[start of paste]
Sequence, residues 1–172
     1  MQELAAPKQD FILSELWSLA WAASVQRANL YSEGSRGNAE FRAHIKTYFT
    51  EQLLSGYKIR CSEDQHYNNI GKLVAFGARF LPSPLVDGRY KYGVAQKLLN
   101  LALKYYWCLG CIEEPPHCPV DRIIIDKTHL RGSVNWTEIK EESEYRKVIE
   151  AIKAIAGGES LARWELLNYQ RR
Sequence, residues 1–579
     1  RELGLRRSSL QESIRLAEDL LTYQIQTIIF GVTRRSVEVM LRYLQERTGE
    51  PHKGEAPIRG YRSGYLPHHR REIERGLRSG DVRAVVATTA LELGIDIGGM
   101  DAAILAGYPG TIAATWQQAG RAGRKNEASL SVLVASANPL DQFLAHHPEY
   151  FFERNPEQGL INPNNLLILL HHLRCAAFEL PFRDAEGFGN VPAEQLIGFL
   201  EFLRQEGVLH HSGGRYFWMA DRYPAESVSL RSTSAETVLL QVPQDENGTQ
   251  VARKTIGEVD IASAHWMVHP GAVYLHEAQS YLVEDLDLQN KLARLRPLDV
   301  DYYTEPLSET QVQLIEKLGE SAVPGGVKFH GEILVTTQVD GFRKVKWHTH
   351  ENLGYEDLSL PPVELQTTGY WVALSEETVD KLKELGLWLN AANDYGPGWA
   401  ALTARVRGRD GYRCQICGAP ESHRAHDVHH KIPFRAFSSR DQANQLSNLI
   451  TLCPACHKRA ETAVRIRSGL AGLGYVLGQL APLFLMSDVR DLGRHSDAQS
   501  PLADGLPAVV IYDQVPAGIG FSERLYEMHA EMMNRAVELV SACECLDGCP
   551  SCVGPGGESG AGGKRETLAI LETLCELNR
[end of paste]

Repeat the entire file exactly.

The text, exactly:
Sequence, residues 1–172
     1  MQELAAPKQD FILSELWSLA WAASVQRANL YSEGSRGNAE FRAHIKTYFT
    51  EQLLSGYKIR CSEDQHYNNI GKLVAFGARF LPSPLVDGRY KYGVAQKLLN
   101  LALKYYWCLG CIEEPPHCPV DRIIIDKTHL RGSVNWTEIK EESEYRKVIE
   151  AIKAIAGGES LARWELLNYQ RR
Sequence, residues 1–579
     1  RELGLRRSSL QESIRLAEDL LTYQIQTIIF GVTRRSVEVM LRYLQERTGE
    51  PHKGEAPIRG YRSGYLPHHR REIERGLRSG DVRAVVATTA LELGIDIGGM
   101  DAAILAGYPG TIAATWQQAG RAGRKNEASL SVLVASANPL DQFLAHHPEY
   151  FFERNPEQGL INPNNLLILL HHLRCAAFEL PFRDAEGFGN VPAEQLIGFL
   201  EFLRQEGVLH HSGGRYFWMA DRYPAESVSL RSTSAETVLL QVPQDENGTQ
   251  VARKTIGEVD IASAHWMVHP GAVYLHEAQS YLVEDLDLQN KLARLRPLDV
   301  DYYTEPLSET QVQLIEKLGE SAVPGGVKFH GEILVTTQVD GFRKVKWHTH
   351  ENLGYEDLSL PPVELQTTGY WVALSEETVD KLKELGLWLN AANDYGPGWA
   401  ALTARVRGRD GYRCQICGAP ESHRAHDVHH KIPFRAFSSR DQANQLSNLI
   451  TLCPACHKRA ETAVRIRSGL AGLGYVLGQL APLFLMSDVR DLGRHSDAQS
   501  PLADGLPAVV IYDQVPAGIG FSERLYEMHA EMMNRAVELV SACECLDGCP
   551  SCVGPGGESG AGGKRETLAI LETLCELNR